Tag Archives: Home Rule

Christie’s Property Tax Cap Evolves

A key component of Governor Chris Christie’s spending and tax reduction plan is his proposal to place a hard cap of 2.5% on property tax increases, based on Massachusetts’ Prop 2 and 1/2. A compromise was reached with the Legislature this weekend to create a 2% cap with several exceptions for pensions, health care, and debt.

The Asbury Park Press covers how the cap evolved this weekend.

My reservations over the property tax cap boil down to a basic theoretical observation. Capping one source of revenue only shifts the bill. The problem in New Jersey does not lie with the property tax, per se, but in the evolution of an intergovernmental aid system, and state spending mandates that have eroded Home Rule.

Local budget watchers will want to keep an eye on how local governments choose to navigate the cap this year. Pension costs and health care are set to consume the state’s budget in the coming decade. Cap or no cap, as the Governor knows,  New Jersey has plenty left to cut.

Centralized Confusion

For the first time in our nation’s history federal grants are the dominant source of revenue for state and local governments.

Implications: erosion of local control and increased spending at all levels of government.

Things to watch in the coming months and years: what happens to your local tax bill. In theory, aid is meant to lessen the need for localities to find revenues to balance their books. But one  possible outcome of intergovernmental aid is that it creates fiscal illusion,  inducing a permanently higher demand for spending on the part of the recipient government. When the money retreats the new spending brought with it, does not.

But while spending of this intensity and magnitude centralizes the provision of  government it does not bring with it centralized or clear reporting. An interesting but, perhaps not too surprising, corollary to fiscal dependency.

Congress really doesn’t know what happens to federal money once it flows to local government. States and localities have separate procedures for budgeting. This  flows from federalism -the very thing the presence of aid undermines. But once states and localities accept the aid it is difficult to understand why they resist efforts at a centralization of budgetary reporting.

There is fiscal illusion with aid.  And, there is also the stubborn (and illusory) insistence of  autonomy  (see: the Illusion of Home Rule) once that money becomes institutionalized in budgets.

Yesterday, the House Committee on Science and Technology held a second hearing on stimulus accountability. On the expert panel, was the CIO of a technology company that tracks procurement spending. His testimony describes this ”transparency barrier,’ on how federal funds are ultimately spent.  That barrier is very high up in the reporting chain.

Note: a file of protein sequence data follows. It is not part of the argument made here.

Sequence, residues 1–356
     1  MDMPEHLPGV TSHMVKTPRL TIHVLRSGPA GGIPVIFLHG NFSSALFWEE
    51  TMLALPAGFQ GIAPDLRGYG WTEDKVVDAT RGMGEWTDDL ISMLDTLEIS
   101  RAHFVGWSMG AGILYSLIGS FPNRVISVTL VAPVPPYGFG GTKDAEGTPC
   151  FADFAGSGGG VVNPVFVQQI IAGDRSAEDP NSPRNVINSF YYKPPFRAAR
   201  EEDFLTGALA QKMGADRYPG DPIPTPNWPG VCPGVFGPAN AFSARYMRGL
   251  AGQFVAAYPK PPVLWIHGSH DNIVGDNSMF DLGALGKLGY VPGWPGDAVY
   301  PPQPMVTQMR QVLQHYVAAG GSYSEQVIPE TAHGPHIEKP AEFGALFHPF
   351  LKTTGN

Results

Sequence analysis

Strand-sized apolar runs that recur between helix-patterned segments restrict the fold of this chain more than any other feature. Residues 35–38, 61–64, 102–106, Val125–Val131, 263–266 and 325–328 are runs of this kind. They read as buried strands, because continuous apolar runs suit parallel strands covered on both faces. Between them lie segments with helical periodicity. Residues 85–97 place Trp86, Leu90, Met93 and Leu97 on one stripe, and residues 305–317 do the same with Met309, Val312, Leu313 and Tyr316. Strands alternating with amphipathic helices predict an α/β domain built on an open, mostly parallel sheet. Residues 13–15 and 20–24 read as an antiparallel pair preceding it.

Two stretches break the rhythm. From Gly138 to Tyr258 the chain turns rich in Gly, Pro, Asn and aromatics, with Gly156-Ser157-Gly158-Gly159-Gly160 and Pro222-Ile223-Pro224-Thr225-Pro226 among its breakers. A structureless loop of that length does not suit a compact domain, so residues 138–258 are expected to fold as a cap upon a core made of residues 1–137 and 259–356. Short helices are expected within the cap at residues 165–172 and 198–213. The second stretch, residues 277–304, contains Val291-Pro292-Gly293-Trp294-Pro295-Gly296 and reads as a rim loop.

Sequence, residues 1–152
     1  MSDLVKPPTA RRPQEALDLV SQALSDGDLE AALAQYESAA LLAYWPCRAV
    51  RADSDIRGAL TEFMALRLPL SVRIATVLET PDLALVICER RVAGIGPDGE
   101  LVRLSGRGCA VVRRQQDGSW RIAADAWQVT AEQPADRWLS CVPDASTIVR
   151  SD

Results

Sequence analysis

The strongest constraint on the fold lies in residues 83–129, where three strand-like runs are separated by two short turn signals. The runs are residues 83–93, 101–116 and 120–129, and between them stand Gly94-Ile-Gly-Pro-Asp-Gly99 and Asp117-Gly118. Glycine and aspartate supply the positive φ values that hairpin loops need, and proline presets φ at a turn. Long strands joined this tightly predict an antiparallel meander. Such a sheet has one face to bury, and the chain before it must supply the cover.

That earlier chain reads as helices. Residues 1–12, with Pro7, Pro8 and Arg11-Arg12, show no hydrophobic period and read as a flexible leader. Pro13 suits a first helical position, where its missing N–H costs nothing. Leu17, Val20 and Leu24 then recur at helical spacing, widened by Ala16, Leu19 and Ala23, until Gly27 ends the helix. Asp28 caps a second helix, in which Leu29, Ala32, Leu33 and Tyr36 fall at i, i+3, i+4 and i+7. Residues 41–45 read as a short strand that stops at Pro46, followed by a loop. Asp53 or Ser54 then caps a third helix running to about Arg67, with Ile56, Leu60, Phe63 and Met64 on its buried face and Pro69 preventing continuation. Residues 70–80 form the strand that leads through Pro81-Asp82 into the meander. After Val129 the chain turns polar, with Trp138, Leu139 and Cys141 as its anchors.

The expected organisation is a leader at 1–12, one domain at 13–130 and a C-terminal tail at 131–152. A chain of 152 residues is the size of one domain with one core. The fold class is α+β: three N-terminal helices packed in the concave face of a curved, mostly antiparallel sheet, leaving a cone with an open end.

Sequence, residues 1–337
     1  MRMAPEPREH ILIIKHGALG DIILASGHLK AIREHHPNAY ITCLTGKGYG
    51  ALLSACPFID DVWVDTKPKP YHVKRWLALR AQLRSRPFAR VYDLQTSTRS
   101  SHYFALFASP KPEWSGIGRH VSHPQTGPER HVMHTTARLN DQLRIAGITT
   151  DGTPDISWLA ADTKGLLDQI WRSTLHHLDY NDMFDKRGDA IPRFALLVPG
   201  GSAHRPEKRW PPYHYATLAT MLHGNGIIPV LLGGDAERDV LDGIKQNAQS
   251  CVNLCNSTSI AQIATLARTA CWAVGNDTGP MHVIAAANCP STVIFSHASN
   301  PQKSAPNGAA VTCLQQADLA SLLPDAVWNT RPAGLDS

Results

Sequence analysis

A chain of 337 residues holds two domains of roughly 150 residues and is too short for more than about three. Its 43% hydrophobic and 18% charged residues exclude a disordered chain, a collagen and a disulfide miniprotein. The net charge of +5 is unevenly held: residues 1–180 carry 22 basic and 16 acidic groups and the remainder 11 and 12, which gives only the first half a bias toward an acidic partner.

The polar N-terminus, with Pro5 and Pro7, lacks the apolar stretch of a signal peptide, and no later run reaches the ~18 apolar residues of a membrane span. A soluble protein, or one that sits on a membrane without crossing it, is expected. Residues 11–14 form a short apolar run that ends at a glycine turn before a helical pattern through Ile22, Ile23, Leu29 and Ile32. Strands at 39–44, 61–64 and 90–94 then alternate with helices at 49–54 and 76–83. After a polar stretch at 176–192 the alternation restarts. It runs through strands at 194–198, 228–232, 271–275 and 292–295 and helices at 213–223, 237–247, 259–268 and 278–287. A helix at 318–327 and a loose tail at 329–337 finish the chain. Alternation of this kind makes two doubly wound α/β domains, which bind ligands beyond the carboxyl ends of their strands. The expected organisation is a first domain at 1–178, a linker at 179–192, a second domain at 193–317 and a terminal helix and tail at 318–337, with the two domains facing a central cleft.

The provisions of ARRA do nothing to illuminate this. Reporting requirements stop at the state/city level. There are no requirements for local reporting or tracing ultimate recipients – contractors and subcontractors.

In other words, if you want to know how stimulus dollars are being spent in your town, better to read your local newspaper, than the federal budget.

The illusion of Home Rule

New Jersey is  a small, densely populated state carved into 566 municipalities.

Spend some time in New Jersey and you will discover that it is hard to drive for more than a couple of  minutes without passing through several towns.

The state’s many municipalities were born over the course of 200 years due to a variety of factors. Some towns wanted greater control over school budgets (The reason for Bergen County’s  split into dozens of small towns at the end of the 19th century),  others were carved out of road maintenance disputes, around railroads and factories, over tensions concerning the distribution of revenues to rural and urban areas, and  prohibitions on the sale of alcohol. Though the logic for their creation has long since passed, many towns have strong identities and resist efforts to consolidate.  Arguments have been made for decades that consolidation would bestow greater efficiency in the provision of public services.  But those advocating consolidation and towns  resisting mergers to maintain, “home rule”  have a common enemy: intergovernmental aid.

Since the 1930s, the state government gradually gained control over the management and redistribution of revenues on the local level. (with the exception of the locally levied and distributed property tax). With the Abbott decisions in the 1970s and 1980s, the state created an income tax and redirected the entirety of that revenue stream to the municipalities, and residents, mainly as school aid. (this portion of the state’s budget is called the Property Tax Relief Fund)

These fiscal mechanisms eroded local control. And the presence of state aid in local budgets has created dependency on these streams. Take away aid, and localities must raise property taxes, which are already the highest per capita, in the  nation.

As Alan Karcher notes in his detailed history New Jersey’s Multiple Municipal Madness, between 1873 and 1897 – the years of the municipal boom – New Jersey’s communities were self-sustaining, “and not dependent on state aid to support their local services.”

Of course much has changed since then. But if efficiency is the goal of the state government, and independence the aim of some of New Jersey’s municipalities, then competition is key. In other words, reducing state aid is the only path to true home rule, but with the stimulus working its way through municipal budgets, dependencies on external revenue streams are likely to grow stronger.